by Shigeo Izawa1*, Toru Funayama2, Masashi Iwasashi1, Toshinori Tsukanishi3, Hiroshi Kumagai2, Hiroshi Noguchi2, Masashi Yamazaki2
The Foot and Ankle Online Journal 10 (4): 2
Affinos@ (Kuraray) is a unidirectional porous β-tricarcium phosphate (UDPTCP). We investigated four patients (four feet) who underwent invasive surgery using UDPTCP to treat calcaneal fractures that were accompanied by a bone defect. The mean age was 63.8±6.4 years old, and the mean observation period was 9.3±3.2 months. We evaluated the changes of UDPTCP over time and correction loss due to its use. In all patients, favorable material absorption and bone substitution were obtained, and their clinical courses were also favorable.
Keywords bone graft , unidirectional porous β-tricarcium phosphate, calcaneus fractures
1 – Department of Orthopedics, Tsukuba Medical Center Hospital. Tsukuba, Japan
2 – Department of Orthopedics, Faculty of Medicine, University of Tsukuba , Japan
3 – Department of Orthopedics, Kenpoku Medical Center Takahagi Kyodo Hospital, Takahagi, Japan
* – Corresponding author: firstname.lastname@example.org
Bone grafting is often required to treat bone fractures that are accompanied by a bone defect. It is apparent that autogenous bone is optimal for bone grafting, but it has disadvantages due to problems with the procedures and quantity of bone graft. Thus, various types of artificial bones have been developed and clinically applied. Affinos@ (Kuraray) is a unidirectional porous β-tricarcium phosphate (UDPTCP) consisting of a novel porous artificial bone with a porosity of 57%, in which communication holes of 25-300 μm are arranged in one direction. It is characterized by balanced artificial bone resorption and replacement of autologous bone . However, only a few clinical outcomes have been reported using this type of UDPTCP. We reported the outcomes of invasive surgeries using UDPTCP in four patients with calcaneus fractures that were accompanied by a bone defect.
Patients and procedures
The subjects were four patients (four feet) who underwent invasive treatments in one of two facilities between February and September 2015. The mean age was 63.8±6.4 years old, and the mean observation period was 9.3±3.2 months. All injuries occurred due to falling accidents, and the radiographic Essex-Lopresti classification was depression type in three patients and tongue type in one patient (Table 1).
During the surgery, a small incision was made on the lateral side of the calcaneus to reduce the fracture area, and a UDPTCP block (two patients) or granules (two patients) was used to fill the bone defect area, depending on its size. A plate (two patients), Steinmann pin (one patient), or K-wire (one patient) was used for internal fixation. The block was installed so that the communication hole was parallel to the load axis. Partial weight bearing was started after 4-6 weeks of non-weight bearing, and full-body weight bearing was allowed at 9-12 weeks.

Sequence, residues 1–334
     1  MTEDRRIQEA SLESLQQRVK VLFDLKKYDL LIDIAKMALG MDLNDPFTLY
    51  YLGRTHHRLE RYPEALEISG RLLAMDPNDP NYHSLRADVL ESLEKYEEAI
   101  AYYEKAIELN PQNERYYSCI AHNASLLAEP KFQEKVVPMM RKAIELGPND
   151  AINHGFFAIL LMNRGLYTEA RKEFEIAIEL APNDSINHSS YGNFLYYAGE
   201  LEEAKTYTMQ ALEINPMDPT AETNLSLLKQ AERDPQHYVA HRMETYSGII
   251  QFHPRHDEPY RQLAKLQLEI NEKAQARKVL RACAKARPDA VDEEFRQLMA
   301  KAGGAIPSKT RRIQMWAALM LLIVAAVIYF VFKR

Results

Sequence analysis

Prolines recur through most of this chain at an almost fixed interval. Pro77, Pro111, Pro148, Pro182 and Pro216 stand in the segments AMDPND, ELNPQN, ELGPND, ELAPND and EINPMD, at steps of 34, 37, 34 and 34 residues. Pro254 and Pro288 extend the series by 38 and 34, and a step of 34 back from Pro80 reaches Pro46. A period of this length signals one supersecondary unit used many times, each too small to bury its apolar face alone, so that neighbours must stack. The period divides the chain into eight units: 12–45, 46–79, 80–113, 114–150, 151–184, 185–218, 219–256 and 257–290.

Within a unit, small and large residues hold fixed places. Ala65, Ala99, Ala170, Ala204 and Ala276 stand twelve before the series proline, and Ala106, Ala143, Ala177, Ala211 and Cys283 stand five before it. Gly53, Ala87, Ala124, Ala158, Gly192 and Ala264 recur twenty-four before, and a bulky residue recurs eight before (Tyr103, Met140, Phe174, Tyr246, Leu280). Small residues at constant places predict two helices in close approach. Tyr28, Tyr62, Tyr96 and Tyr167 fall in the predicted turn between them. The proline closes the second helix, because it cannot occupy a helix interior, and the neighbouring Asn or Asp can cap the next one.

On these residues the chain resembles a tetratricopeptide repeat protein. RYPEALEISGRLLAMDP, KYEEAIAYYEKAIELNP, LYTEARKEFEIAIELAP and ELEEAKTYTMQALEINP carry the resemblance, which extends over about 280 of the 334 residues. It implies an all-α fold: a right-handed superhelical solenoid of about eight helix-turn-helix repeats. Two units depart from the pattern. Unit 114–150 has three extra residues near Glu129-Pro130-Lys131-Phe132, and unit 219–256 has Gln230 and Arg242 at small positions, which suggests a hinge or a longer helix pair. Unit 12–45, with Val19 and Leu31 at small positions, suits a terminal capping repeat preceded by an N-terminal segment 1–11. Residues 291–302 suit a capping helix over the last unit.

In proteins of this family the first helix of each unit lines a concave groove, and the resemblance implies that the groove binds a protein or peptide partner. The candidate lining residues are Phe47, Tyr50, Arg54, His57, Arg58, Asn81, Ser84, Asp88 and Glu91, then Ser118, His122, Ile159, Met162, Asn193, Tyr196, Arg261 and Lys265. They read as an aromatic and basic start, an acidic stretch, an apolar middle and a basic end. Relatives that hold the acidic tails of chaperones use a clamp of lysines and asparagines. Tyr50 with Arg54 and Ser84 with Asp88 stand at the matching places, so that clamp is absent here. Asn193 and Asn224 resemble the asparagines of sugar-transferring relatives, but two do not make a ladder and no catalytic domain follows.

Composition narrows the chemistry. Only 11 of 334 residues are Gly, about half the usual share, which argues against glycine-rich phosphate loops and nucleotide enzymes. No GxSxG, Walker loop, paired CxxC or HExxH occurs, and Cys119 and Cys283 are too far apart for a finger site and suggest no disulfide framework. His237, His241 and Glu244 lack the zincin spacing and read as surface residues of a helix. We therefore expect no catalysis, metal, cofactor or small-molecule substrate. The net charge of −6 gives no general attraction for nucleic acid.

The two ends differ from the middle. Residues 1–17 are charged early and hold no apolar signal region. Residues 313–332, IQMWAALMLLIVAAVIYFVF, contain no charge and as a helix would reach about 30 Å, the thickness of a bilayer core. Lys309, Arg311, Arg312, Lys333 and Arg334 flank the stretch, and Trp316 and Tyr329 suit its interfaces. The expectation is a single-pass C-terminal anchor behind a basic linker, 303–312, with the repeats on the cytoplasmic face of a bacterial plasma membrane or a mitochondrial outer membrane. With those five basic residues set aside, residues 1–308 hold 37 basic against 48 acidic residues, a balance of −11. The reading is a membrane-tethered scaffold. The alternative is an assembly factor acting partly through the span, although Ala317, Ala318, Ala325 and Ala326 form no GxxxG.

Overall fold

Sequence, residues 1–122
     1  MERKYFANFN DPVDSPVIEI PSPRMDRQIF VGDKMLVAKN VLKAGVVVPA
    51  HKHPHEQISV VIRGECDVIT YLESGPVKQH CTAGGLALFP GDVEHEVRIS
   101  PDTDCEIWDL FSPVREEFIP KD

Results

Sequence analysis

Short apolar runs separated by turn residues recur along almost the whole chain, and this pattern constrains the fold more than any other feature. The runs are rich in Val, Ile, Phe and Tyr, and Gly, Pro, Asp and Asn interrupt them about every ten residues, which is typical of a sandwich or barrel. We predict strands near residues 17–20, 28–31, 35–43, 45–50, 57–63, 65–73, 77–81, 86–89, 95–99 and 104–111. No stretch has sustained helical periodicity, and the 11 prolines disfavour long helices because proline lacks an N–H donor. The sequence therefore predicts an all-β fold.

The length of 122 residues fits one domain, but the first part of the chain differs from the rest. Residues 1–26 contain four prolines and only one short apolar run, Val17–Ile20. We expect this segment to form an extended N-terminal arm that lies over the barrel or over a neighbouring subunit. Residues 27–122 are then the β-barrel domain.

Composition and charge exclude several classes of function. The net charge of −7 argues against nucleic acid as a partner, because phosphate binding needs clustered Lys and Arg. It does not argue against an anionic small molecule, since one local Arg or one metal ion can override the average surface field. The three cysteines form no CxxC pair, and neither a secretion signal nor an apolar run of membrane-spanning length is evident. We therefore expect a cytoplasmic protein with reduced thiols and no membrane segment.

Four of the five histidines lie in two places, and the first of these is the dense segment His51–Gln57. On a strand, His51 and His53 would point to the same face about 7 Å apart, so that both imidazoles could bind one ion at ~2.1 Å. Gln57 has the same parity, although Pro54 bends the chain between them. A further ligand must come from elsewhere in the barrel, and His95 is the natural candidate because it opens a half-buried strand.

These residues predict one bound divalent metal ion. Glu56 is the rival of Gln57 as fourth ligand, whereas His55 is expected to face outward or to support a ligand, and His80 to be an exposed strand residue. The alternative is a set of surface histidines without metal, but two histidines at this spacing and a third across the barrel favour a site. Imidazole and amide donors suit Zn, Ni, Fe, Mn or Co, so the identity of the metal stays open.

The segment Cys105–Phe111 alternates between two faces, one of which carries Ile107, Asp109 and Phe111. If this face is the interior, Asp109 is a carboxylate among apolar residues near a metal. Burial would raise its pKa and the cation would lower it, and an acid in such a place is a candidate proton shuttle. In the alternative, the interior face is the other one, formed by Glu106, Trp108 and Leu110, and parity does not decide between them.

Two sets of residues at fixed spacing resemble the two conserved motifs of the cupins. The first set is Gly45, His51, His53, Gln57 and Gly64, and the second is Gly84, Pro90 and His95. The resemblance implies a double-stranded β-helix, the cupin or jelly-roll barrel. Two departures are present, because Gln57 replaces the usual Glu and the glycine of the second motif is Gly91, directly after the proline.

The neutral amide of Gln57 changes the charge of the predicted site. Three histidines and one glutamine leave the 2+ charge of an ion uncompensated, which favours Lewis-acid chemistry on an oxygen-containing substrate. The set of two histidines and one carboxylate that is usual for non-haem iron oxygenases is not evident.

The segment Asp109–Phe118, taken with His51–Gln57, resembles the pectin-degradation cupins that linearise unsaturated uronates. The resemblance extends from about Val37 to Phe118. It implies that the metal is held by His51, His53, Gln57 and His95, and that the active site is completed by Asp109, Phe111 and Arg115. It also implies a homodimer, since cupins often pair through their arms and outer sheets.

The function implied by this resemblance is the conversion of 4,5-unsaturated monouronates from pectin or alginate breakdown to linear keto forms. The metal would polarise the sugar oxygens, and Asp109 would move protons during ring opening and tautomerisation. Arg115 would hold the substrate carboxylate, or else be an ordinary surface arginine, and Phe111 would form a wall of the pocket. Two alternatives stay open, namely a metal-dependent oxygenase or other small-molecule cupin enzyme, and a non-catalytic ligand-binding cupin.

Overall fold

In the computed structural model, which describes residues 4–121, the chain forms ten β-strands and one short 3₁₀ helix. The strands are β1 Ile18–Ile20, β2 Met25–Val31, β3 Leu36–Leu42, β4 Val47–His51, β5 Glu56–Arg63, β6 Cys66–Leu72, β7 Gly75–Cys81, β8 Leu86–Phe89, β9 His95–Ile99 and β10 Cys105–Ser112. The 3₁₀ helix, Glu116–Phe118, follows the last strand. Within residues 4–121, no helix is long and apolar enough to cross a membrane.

Plain radiographs were taken before and immediately after the surgery, as well as 1, 3, and 6 months postoperatively to evaluate changes of the UDPTCP and corrective loss over time. The corrective loss was evaluated using the Bohler angle. In one patient in whom granules were used, plain computed tomography (CT) was performed at 3, 6, and 12 months postoperatively to observe the material absorption and bone neogenesis over time in detail.
|Sex||Type of fracture||Artificial bone||Material used for internal fixation|
|1||67||M||Depression type Ⅱ°||Block||Plate|
|2||60||M||Depression type Ⅲ°||Granule||Steinmann pin|
|3||71||F||Tongue type Ⅱ°||Granule||K-wire|
|4||57||M||Depression type Ⅱ°||Block||Plate|
Table 1 Radiographic Essex-Lopresti classification of each case.
As seen on a plain radiography image, absorption of the UDPTCP progressed within 3 months postoperatively, the majority of the material was absorbed within 6 months postoperatively, and substitution for the bone progressed. On average, the Bohler angle was 5.9° before the operation, 24.5° immediately after, and 21.3° at the final assessment, demonstrating that there was little correction loss after the surgery (Figure 1). Similar changes over time were observed on plain CT images, and the majority of the material had substituted for bone 1 year postoperatively.
Figure 1 Changes of the Bohler angle over time.
Case 1 (Figure 2, 3)
The patient in Case 1 was a 67-year-old man, and he was injured due to falling from a step ladder during pruning work. He underwent surgery 17 days after the injury. The type of fracture was depression type Ⅱ°. The surgical approach was via a lateral skin incision, and the articular surface was reduced by raising the depressed bone fragment. Part of the UDPTCP block was trimmed to the bone defect part, and three blocks were used to fill the defect. Then, plate fixation was performed.